University of Pennsylvania. He has published articles in refereed professional journals in
Indonesia, Singapore, India, USA, and New Zealand.
Faishal Zakaria has served as a free-lance EFL practitioner in schools and universities, and is
currently a Fulbright student working on an MA in TESOL at Indiana University of
Pennsylvania. His professional and academic interests include teacher professional development,
identity and language learning and teaching, postmethod language pedagogy, and second
language writing pedagogy.
... As a means to teach all these contents, it is advisable to activate intuitive heuristics and foster language awareness (Kumaravadivelu, 2006): these will bring the learners to the discovery of rules and form-function mappings in an intuitive manner, by themselves and 238_ based on many examples, and will help them to recognize the properties of the language in a more explicit manner. ...
... L2 instruction should likewise try to minimize perceptual mismatches and raise cultural consciousness (Kumaravadivelu, 2006). This helps to overcome the differences or ambiguities (in terms of language, culture, and communicative strategies) that might hinder language acquisition, and deal with cultural diversity, in a multicultural approach. ...
... The exposure to extensive input in the target language promotes a larger and faster learning, which means that the use of L2 should be maximized both inside and outside the classroom; the opportunities for output allow the learners to receive better input, test hypotheses, automatize existing knowledge, etc.; the interaction is associated with an increase in comprehensible input, corrective feedback, attention to language, as well as better output. Kumaravadivelu (2006) also highlights the importance of contextualizing the linguistic input (because showing the pragmatic, communicative context of the utterances contributes much to understanding its meaning) and facilitating negotiated interaction (because learners go beyond their previous receptive and expressive capacities, when they must reach the desired mutual comprehension in interaction with the teacher and other learners). While giving the learners many opportunities for receiving input, producing output, and interacting, the teacher can implement Kumaravadivelu (2006)'s recommendation of integrating the four language skills instead of approaching them separately. ...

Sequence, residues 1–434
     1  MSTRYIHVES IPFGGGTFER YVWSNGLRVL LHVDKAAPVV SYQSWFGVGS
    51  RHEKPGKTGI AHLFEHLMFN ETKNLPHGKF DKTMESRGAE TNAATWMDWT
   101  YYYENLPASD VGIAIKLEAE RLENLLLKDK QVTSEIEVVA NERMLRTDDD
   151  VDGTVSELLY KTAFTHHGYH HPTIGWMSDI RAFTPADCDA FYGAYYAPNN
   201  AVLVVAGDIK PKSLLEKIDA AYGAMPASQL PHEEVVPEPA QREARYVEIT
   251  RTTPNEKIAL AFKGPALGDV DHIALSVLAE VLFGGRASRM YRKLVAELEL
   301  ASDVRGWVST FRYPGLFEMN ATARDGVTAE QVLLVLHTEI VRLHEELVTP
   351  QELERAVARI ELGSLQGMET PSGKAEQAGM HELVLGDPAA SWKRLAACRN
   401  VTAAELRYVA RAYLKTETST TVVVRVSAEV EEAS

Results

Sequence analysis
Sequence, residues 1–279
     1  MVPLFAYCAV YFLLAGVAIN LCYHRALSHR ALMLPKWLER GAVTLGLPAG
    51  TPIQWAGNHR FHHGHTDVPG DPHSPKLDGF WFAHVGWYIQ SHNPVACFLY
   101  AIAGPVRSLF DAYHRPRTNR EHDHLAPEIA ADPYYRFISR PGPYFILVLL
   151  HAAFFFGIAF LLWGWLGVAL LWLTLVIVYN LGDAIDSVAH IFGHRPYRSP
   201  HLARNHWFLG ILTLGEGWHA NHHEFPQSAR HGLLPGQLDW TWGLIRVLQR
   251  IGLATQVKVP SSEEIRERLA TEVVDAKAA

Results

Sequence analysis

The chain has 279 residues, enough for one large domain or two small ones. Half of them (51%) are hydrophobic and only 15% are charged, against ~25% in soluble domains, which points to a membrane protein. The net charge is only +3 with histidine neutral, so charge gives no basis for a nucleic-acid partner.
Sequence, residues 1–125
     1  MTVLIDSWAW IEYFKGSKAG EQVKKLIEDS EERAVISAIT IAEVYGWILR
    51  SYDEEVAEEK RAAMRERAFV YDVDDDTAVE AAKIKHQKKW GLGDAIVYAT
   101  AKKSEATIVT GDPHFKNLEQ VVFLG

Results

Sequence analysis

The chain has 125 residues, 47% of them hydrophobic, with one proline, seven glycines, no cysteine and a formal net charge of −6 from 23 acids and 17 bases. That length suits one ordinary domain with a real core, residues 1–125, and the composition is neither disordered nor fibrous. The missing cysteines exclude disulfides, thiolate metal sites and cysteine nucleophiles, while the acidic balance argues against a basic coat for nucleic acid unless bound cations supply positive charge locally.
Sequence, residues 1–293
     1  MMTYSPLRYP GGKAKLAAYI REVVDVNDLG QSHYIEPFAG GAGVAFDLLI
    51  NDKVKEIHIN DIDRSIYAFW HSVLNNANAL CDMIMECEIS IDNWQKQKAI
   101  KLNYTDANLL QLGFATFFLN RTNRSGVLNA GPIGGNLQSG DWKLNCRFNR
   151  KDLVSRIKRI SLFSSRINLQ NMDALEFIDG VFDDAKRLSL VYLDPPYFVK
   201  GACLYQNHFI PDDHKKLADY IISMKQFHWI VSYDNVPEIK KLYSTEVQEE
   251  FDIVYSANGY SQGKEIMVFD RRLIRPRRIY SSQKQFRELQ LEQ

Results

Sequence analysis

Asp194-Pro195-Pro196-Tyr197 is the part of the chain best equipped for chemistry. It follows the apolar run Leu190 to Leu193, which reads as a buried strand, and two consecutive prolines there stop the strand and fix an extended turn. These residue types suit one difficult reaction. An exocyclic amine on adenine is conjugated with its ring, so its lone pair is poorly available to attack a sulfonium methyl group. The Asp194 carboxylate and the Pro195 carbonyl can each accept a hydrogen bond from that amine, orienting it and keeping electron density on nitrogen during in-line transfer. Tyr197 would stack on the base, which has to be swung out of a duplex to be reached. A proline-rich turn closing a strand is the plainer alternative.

Digital tools offer an effective solution when organizing teaching units allowing us to introduce, develop, conclude, and evaluate the student’s learning. On the other hand, a good selection of digital tools helps us to maintain the motivation of current students and to create a community both in face-to-face lectures and in virtual classes. These programs allow the development of highly versatile individual and/or collaborative activities. Each one of them allows the development of one or more of the communicative skills: reading and listening comprehension, oral-written and integrated expression. This new panorama also affects the teaching of languages for specific purposes. In addition, students for specific purposes are usually professionals from a certain field of work, with a working schedule that sometimes does not meet the established class hours, which is why many employees prefer to attend an online language course, in which they study at their pace. An example of students whose schedules can be easily altered are those from Diplomacy and International Relations fields. For this reason, this article will present effective and meaningful activities designed for a Spanish course on diplomacy and International Relations, using several interactive digital tools . Keywords: E-learning, digital tools, game-based tools, Spanish